Desmond Tutu speaks about hope, forgiveness at Villanova

Editor’s note: This article was initially published in The Daily Gazette, Swarthmore’s online, daily newspaper founded in Fall 1996. As of Fall 2018, the DG has merged with The Phoenix. See the about page to read more about the DG.

Speaking before an audience of more than 20,000 at Villanova University last night, Archbishop Desmond Tutu summarized the circumstances in which apartheid was ended in South Africa and stressed the importance of the forgiveness required of black Africans in the post-apartheid era. Roughly 75 Swarthmore students and several high school students from the Swarthmore Upward Bound program attended the lecture. Tutu ended his speech with an entreaty to the new generation of students everywhere not to give in to cynicism and to keep believing that “this world can become better.”

Student volunteers set the tone of the evening with the quote from Tutu on the back of their shirts, “Forgiveness does not mean condoning what has been done. It means taking what happened seriously…drawing out the sting in the memory that threatens our entire existence.” Dr. Maghan Keita, Director of the Department of Africana Studies at Villanova University, gave an introductory speech that outlined “three parts” that make up Desmond Tutu. According to Keita, Tutu is reflective of how far we have come and how much further we can go, he “inspires a quest for justice,” and “he inspires hope.” Tutu was then presented the Adela Dwyer/St. Thomas of Villanova Peace Award “in recognition of outstanding contribution to the understanding of justice and peace in the human condition” by Dr. William Werpehowski, Director of the Center for Peace and Justice Education at Villanova University.

Tutu took the stage to receive the Peace Award to a standing ovation. After giving his heartfelt thanks “for this privilege,” Tutu spoke about his experiences on the Truth and Reconciliation Commission in South Africa. Originally, the world had thought that the first elections concerning apartheid would end in a bloodbath, but he was “relieved that so few were killed in the first days of the elections.” Tutu stressed that South Africa only succeeded against apartheid because of world support as students everywhere demonstrated in favor of divestment. Thus, the anti-apartheid laws were legislated over the President’s veto. Tutu expressed gratitude saying, “I know I speak on behalf of millions — we came asking for help and you gave us help, and now we are free.”

In the post-apartheid era, black Africans did not take revenge on their tormentors; instead, they forgave. Tutu observed that the Truth and Reconciliation Commission was created instead of holding trials because there was a military stalemate between the apartheid government and the liberation movements, because there was no possibility for implanting justice and apartheid era leaders would not hand over the government if they were to be prosecuted, and because the trials “would have drawn out the process of healing.” The perpetrators of apartheid were made to confess publicly on television because Tutu claimed, “we contend there is another kind of justice other than punishing the perpetrator” and that even those guilty of the most heinous crimes “are still children of God.” Tutu further stated that “the offender and victim must be reconciled.”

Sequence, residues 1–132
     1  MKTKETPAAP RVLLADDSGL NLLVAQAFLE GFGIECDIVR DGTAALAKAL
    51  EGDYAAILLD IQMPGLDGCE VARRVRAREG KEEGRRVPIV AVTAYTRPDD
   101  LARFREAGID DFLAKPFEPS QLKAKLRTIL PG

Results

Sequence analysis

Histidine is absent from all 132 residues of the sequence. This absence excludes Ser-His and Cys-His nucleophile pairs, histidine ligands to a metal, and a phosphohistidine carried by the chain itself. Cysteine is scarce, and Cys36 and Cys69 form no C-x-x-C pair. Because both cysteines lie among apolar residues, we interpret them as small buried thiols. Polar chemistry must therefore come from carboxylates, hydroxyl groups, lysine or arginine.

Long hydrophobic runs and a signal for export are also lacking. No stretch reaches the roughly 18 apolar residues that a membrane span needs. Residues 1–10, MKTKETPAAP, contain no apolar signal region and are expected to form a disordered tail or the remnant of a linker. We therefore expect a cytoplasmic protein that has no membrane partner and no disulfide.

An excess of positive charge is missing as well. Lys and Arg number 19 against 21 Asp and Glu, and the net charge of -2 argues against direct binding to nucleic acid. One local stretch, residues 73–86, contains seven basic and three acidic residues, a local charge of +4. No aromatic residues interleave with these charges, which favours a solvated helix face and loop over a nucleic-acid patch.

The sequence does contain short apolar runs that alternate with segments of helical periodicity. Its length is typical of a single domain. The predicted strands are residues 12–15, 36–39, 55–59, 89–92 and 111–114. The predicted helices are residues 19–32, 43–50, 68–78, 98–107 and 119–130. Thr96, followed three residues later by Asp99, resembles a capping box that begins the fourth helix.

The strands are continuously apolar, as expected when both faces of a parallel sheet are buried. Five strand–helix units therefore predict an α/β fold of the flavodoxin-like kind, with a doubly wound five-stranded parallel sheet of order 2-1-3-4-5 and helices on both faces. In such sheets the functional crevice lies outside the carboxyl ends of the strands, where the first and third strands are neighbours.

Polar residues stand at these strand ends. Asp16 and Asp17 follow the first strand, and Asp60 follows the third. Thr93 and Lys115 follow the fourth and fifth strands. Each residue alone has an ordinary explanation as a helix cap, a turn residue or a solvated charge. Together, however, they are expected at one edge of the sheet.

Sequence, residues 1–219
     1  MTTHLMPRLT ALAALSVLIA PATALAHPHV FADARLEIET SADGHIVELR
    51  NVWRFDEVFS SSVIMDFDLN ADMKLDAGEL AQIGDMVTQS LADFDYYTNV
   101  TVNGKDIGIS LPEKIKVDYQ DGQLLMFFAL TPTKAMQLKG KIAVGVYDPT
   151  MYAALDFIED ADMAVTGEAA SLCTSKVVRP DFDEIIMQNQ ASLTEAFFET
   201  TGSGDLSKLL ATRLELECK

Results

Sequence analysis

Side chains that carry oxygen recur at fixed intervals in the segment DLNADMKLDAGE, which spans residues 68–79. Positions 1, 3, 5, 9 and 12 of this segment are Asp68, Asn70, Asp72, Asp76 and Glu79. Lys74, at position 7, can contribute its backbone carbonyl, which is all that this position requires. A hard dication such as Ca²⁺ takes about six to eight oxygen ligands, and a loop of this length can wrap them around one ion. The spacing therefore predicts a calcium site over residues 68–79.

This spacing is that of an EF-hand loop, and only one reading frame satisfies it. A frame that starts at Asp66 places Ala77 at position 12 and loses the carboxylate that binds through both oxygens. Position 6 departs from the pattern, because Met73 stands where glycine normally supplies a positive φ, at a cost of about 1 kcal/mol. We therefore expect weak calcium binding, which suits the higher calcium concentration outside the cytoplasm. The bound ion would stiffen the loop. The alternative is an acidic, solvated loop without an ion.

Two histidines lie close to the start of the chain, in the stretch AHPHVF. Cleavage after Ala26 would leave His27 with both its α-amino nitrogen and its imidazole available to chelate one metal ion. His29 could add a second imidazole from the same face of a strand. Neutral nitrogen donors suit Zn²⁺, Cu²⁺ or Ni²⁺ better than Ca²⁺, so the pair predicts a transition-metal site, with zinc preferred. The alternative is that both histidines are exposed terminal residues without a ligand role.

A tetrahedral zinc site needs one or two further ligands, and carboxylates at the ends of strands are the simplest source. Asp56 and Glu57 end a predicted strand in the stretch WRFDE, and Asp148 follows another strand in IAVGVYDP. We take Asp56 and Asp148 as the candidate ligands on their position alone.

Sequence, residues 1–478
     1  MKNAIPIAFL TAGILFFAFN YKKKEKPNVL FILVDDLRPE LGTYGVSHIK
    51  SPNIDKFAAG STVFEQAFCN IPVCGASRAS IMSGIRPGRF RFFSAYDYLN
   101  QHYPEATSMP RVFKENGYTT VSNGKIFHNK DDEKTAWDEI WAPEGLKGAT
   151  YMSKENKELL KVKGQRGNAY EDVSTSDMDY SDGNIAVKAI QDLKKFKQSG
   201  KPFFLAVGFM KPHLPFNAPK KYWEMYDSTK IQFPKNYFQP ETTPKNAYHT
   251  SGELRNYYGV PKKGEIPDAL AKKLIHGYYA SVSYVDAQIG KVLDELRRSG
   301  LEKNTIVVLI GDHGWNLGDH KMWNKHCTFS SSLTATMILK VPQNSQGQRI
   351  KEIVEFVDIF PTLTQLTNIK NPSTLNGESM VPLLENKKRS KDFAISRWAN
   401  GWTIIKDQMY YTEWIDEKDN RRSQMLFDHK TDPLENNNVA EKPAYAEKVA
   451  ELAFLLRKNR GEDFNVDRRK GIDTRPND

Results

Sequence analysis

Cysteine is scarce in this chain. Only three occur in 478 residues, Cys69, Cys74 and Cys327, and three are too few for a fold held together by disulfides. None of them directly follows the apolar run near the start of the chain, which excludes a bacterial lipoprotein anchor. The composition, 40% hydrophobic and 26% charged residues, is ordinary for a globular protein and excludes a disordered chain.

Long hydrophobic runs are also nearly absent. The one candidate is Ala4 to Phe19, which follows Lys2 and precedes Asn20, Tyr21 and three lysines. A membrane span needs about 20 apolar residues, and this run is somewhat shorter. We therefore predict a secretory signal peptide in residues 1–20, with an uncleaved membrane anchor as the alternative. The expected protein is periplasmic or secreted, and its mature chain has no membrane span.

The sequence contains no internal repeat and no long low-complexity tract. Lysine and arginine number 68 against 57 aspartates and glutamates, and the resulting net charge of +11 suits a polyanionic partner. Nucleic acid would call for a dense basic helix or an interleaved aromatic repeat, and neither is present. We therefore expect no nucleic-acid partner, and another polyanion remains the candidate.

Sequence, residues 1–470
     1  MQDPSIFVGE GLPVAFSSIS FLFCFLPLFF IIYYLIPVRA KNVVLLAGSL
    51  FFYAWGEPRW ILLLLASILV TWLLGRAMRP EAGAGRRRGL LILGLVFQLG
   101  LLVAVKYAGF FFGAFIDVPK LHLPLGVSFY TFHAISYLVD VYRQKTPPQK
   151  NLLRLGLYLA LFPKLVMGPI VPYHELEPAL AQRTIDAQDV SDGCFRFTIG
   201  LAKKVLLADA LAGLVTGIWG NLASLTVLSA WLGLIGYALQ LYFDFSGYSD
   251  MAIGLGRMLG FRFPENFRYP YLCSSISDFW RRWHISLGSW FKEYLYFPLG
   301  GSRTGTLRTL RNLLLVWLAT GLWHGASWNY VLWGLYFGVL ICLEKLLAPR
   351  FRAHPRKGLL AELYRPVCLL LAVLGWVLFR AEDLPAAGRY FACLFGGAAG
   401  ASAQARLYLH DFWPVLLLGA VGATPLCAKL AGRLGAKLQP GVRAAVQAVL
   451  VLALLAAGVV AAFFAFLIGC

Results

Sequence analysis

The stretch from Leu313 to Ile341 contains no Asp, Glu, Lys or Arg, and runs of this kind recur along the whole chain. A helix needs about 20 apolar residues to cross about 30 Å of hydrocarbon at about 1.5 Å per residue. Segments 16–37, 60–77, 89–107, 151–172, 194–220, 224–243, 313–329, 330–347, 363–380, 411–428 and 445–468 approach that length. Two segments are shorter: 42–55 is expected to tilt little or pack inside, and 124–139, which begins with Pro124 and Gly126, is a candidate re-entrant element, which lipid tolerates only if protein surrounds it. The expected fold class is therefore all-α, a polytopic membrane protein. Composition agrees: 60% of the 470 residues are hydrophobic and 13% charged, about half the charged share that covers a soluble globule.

Reconciliation between victim and perpetrator began with efforts to reunite torn families, especially reuniting abducted victims with their families. While many efforts to reconcile victims with perpetrators were successful in giving closure, other victims still wanted trials. In response to these sentiments, Tutu said, “Forgiveness is never cheap…there is no future without forgiveness…an eye for an eye, as Gandhi said, leaves the world blind.”

Archbishop Tutu sees South Africa “as a beacon of hope,” and believes that if it is possible for peace and forgiveness there, it is possible anywhere. He finished his speech with words of hope: “Nowhere ever again can people say, ‘Ours is an intractable problem.’ If peace is possible in South Africa, peace is possible any and everywhere. Hatred is not appeased by Hatred. Hatred is appeased by Love alone. That is the eternal law.”

In response to audience members’ questions in a brief question and answer session that followed, Tutu expressed his hope that people will continue to engage in acts of generosity. As for what young people can do now, he stated that we cannot win a war against terror because terror will continue as long as there are conditions that make people desperate. He said that we must remember that the South African struggle was for an inclusive government that valued each person’s vote. He also warned, however, that “we have succumbed to social temptations” and that “we need young people to infuse the government with old ideals [that it has forgotten].”

Tutu finished the question and answer session by noting “forgiveness is becoming more respectable because retributive justice fails.” He said that it is important, though, that people keep questioning the status of the new government in South Africa — if people become monitors, then the project becomes pointless. He closed with comments of hope, that “despite all the ghastliness that has happened, [people] are fundamentally good.” To the current generation of young people, he advised, “If you want to be a leader, you must be a spendthrift for yourself on behalf of power. Leadership and power are for service, not for self aggrandizement.”

Archbishop Desmond Tutu was awarded the Nobel Peace Prize in 1984 for his peace efforts in South Africa. He currently serves as chair of the Truth and Reconciliation Commission.


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